There's some data from other countries where they have different formulations, but I have not utilized that in my patients because we just don't have the right formulation here. Perhaps in the future, we will and maybe we'll have better data to support its use, but right now I don't have people use vitamin A and certainly not by mouth, that's not helpful.

As far as vitamin B goes, really the only data about vitamin B is when people actually have tongue issues, actual taste, like sweet, salty, bitter, umami, those things are damaged or gone. Sometimes there can be a vitamin B deficiency leading to that type of thing. Sometimes that can be helpful for specifically tongue-related taste issues, but no data really.

The one study that is out there showing oral zinc is helpful is in post-traumatic anosmia. In those patients, sometimes I'll say, "Yes, that's fine, you can try that," but in other patients, I don't really recommend it. I think maybe perhaps if we had a much better, well-done randomized control trial in the future, perhaps we might find some benefit, but right now there's conflicting data, and some suggesting it may be harmful, so I do not have people on zinc.

As far as alpha-lipoic acid, it's another one that has some interesting data and it does not have a randomized control trial that's well-controlled as far as timing of enrollments and controlling for spontaneous recovery and those types of things. Something that's an option for patients, but not something that I routinely prescribe just because of the quality of the studies and the methodologies.

Finally, omega-3. I actually ran a randomized control trial on a post-endoscopic skull-based surgery patient population looking at smell loss after that. That was 7 or 10 years ago that I was doing that, and there was a precipitous drop in the number of patients that had long-term smell loss after that surgery. These were patients who we were preserving the olfactory system very carefully, but likely just because of all of the post-operative inflammation, we're having smell issues.

Omega-3, a high dose omega-3, so 1,000 milligrams twice a day was highly impactful and helpful for those patients. My same protocol was just replicated in a study by Thomas Hummel in Germany in COVID-19 patients. It was also found to be helpful in that patient population. so high dose omega-3 is something that I do recommend for all my patients as well. The only people I wouldn't recommend it for are people who have an underlying bleeding disorder or are on other blood-thinning medications because it can thin your blood, especially at that dose.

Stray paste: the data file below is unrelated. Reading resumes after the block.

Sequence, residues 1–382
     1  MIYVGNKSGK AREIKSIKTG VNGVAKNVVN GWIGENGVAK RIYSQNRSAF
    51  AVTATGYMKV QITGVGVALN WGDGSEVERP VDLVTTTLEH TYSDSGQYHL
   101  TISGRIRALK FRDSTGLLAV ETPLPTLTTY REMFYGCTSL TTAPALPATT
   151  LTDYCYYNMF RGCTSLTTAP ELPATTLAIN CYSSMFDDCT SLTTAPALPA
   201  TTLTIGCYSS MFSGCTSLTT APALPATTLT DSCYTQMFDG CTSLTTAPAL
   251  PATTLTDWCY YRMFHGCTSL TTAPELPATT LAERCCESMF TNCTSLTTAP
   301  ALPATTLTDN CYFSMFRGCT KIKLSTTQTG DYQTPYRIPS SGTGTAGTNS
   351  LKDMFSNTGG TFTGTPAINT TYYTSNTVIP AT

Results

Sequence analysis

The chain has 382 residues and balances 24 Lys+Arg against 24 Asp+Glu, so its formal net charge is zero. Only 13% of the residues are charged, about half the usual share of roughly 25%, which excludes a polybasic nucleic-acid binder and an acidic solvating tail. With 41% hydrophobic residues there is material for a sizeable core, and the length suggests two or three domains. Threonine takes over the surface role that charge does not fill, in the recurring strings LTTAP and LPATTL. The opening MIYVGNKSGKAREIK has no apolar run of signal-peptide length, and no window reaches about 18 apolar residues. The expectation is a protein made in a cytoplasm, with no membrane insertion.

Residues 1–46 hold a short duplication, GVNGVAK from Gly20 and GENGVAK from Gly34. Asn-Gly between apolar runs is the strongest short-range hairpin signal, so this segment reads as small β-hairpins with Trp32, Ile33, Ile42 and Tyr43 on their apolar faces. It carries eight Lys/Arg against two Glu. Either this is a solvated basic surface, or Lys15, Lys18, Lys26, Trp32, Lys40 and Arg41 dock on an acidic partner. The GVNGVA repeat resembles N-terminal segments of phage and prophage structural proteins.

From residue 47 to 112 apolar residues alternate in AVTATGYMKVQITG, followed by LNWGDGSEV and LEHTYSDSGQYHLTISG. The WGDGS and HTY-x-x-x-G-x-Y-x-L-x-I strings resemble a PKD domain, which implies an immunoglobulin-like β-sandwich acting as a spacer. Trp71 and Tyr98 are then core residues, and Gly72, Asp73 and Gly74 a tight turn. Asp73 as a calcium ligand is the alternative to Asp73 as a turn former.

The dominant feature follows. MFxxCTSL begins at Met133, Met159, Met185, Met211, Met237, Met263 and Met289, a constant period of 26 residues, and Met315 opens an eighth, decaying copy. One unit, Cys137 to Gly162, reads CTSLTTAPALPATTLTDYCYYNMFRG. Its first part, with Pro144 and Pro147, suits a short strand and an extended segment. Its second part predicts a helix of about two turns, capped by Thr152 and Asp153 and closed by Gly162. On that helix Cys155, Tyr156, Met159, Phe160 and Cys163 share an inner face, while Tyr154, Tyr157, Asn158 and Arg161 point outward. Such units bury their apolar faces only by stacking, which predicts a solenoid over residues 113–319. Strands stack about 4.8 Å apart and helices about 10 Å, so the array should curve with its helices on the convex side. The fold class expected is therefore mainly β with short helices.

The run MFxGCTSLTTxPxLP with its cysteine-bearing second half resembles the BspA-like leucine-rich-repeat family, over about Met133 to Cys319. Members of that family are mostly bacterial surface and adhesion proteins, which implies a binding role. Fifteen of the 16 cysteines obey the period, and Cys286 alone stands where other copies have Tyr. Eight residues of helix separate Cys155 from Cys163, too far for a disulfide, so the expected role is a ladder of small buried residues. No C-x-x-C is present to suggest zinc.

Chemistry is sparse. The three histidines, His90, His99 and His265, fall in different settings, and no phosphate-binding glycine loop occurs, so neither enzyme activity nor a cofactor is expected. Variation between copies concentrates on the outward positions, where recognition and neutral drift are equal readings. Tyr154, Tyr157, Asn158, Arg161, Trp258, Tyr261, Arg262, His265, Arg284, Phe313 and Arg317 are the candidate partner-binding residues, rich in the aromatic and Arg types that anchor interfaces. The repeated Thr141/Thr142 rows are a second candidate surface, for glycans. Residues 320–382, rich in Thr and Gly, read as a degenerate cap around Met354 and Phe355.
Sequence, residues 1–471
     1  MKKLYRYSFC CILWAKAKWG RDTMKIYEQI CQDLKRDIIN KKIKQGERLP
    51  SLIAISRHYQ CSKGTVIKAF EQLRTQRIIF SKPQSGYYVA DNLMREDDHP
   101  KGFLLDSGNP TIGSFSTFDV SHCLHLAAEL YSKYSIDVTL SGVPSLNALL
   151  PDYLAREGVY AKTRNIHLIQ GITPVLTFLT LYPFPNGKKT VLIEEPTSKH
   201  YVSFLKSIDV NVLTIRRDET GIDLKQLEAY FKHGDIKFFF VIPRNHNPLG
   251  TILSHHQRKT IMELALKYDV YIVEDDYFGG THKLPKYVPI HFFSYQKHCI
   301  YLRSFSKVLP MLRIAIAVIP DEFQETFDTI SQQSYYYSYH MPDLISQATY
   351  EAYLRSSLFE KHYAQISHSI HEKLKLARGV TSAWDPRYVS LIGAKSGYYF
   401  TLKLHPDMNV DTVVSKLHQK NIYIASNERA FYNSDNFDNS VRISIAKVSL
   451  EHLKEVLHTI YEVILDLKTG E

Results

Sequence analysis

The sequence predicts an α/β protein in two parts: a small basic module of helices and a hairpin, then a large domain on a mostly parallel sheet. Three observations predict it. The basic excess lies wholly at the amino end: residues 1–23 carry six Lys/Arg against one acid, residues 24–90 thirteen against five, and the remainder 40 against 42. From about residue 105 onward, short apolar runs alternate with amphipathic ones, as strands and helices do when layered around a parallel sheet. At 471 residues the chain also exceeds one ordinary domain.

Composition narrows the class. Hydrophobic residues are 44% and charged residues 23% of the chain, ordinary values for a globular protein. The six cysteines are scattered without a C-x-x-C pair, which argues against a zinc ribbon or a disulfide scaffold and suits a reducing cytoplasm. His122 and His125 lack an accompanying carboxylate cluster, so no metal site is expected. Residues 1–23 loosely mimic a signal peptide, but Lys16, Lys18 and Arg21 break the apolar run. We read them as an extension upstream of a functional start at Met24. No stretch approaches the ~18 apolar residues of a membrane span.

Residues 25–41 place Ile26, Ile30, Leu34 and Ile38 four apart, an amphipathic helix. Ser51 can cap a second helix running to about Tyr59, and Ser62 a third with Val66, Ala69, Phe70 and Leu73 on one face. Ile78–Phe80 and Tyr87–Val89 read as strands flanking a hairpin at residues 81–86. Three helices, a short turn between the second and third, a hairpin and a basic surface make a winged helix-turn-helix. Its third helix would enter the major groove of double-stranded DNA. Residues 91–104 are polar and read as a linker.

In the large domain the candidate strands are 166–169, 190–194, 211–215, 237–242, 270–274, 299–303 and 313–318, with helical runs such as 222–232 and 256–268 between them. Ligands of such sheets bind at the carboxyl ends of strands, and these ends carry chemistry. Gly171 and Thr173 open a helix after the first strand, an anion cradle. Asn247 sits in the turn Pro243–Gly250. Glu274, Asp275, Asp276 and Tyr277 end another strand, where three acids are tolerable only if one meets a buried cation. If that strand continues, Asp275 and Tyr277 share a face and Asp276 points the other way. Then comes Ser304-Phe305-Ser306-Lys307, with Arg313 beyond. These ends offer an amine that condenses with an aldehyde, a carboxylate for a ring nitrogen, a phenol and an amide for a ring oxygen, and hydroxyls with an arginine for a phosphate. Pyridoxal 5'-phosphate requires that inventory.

Platelet-Rich Plasma (PRP) Therapy: A Novel Intervention with Promising Evidence for Loss of Smell

Utilized in various capacities, from facials to joint injections, platelet-rich plasma (PRP) shows promise in stimulating smell recovery amongst patients with post-viral smell loss. Injected into the olfactory cleft, platelet-rich plasma contains growth factors from the patient’s own blood plasma that stimulate regrowth of olfactory neurons. While further study is needed for PRP to become standard of care, a randomized controlled trial run by Dr. Patel demonstrated that patients with COVID-19 smell loss were twelve times as likely to recover olfactory abilities when treated with PRP versus a placebo injection. Since PRP uses material from the patient’s own body, no absolute contraindications exist.

[Dr. Gopi Shah]
All right. Let's get into the platelet-rich plasma. Just for our audience, I had to get the PRP initials correct. I think I called it protein-rich platelets, which doesn't even make sense. Just for anybody who was with me on the initials, platelet-rich plasma. Tell us a little bit about PRP.

[Dr. Zara Patel]
I first became interested in PRP, again, prior to the pandemic, I was starting to read a lot in the other medical fields, other literature about how it was being used. People are most familiar with it from orthopedic surgery where people will use PRP injections into knee joints and things like that to help with mild arthritis for cartilage regeneration. People use it in aesthetics, they get facials with the PRP injected into their face, like the vampire facial is what it's called. People inject into the scalp to regrow the hair.

PRP is really used all over the body. It's because all tissue in our body does use growth factors. PRP is when you draw someone's blood, you put it in a centrifuge, you spin it down, and all of the red blood cells, white blood cells, all that part of the blood goes off. What you're left with is this very platelet-rich and growth factor-rich portion of the plasma. Growth factors are used in the tissues all over our body to help regenerate.